motivations based solely on one interaction.

Tom


>
>
> On Fri, 3 Jan 2020 16:37:33 -0800
> Tom Herbert <tom@...bertland.com> wrote:
>
> > On Fri, Jan 3, 2020 at 3:53 PM Erik Kline <ek@...n.com> wrote:
> > >
> > > On Fri, 3 Jan 2020 at 15:49, Tom Herbert <tom@...bertland.com> wrote:
> > > >
> > > > On Fri, Jan 3, 2020 at 2:57 PM David Miller <davem@...emloft.net> wrote:
> > > > >
> > > > > From: Tom Herbert <tom@...bertland.com>
> > > > > Date: Fri, 3 Jan 2020 14:31:58 -0800
> > > > >
> > > > > > On Fri, Jan 3, 2020 at 12:45 PM David Miller <davem@...emloft.net> wrote:
> > > > > >>
> > > > > >> From: Tom Herbert <tom@...bertland.com>
> > > > > >> Date: Fri, 3 Jan 2020 09:35:08 -0800
> > > > > >>
> > > > > >> > The real way to combat this provide open implementation that
> > > > > >> > demonstrates the correct use of the protocols and show that's more
> > > > > >> > extensible and secure than these "hacks".
> > > > > >>
> > > > > >> Keep dreaming, this won't stop Cisco from doing whatever it wants to do.
> > > > > >
> > > > > > See QUIC. See TLS. See TCP fast open. See transport layer encryption.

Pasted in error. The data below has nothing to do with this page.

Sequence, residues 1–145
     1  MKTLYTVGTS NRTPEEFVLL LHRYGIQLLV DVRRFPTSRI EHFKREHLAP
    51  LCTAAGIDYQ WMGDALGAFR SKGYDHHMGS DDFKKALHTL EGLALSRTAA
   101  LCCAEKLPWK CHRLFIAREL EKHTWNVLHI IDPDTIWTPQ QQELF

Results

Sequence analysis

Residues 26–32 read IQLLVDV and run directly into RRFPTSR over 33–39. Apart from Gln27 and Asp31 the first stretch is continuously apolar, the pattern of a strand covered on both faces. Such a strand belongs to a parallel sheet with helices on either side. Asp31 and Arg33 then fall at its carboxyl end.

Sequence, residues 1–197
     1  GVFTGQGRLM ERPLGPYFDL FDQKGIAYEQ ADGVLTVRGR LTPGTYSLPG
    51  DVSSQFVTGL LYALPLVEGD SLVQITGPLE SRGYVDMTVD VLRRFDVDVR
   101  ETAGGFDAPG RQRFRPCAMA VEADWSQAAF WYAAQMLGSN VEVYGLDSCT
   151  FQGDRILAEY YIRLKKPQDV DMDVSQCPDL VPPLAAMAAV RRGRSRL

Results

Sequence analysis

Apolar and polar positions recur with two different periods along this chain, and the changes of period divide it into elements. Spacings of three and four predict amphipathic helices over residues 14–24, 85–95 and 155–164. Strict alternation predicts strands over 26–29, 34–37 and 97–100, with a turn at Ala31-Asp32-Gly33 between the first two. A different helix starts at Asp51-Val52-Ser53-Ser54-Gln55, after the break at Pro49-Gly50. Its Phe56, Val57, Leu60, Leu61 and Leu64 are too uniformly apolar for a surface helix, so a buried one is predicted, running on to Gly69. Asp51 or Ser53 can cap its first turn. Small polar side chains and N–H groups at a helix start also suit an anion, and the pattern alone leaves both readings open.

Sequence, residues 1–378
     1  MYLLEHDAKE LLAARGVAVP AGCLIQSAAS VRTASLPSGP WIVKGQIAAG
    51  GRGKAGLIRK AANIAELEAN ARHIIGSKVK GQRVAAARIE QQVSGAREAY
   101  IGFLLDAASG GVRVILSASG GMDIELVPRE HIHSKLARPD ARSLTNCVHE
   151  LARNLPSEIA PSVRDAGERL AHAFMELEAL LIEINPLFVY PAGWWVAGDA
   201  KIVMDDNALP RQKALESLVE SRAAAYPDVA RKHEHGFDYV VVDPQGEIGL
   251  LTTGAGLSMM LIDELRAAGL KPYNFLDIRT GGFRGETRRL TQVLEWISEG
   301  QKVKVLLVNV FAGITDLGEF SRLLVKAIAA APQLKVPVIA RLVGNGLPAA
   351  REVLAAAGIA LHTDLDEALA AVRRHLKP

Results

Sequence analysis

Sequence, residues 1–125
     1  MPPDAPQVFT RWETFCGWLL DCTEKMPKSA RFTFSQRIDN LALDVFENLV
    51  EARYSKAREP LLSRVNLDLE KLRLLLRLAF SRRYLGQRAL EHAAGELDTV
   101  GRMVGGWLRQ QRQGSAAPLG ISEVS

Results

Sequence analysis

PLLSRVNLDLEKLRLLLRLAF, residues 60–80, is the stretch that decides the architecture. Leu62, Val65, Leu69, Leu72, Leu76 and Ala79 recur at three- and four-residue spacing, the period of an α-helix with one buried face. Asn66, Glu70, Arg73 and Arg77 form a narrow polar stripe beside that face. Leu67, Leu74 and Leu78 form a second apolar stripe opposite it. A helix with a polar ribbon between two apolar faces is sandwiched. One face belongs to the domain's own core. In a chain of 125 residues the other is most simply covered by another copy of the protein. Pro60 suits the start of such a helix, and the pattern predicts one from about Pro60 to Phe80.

> > > > > > These are prime examples where we've steered the Internet from host
> > > > > > protocols and implementation to successfully obsolete or at least work
> > > > > > around protocol ossification that was perpetuated by router vendors.
> > > > > > Cisco is not the Internet!
> > > > >
> > > > > Seriously, I wish you luck stopping the SRv6 header insertion stuff.
> > > > >
> > > > Dave,
> > > >
> > > > I agree we can't stop it, but maybe we can steer it to be at least
> > > > palatable. There are valid use cases for extension header insertion.
> > > > Ironically, SRv6 header insertion isn't one of them; the proponents
> > > > have failed to offer even a single reason why the alternative of IPv6
> > > > encapsulation isn't sufficient (believe me, we've asked _many_ times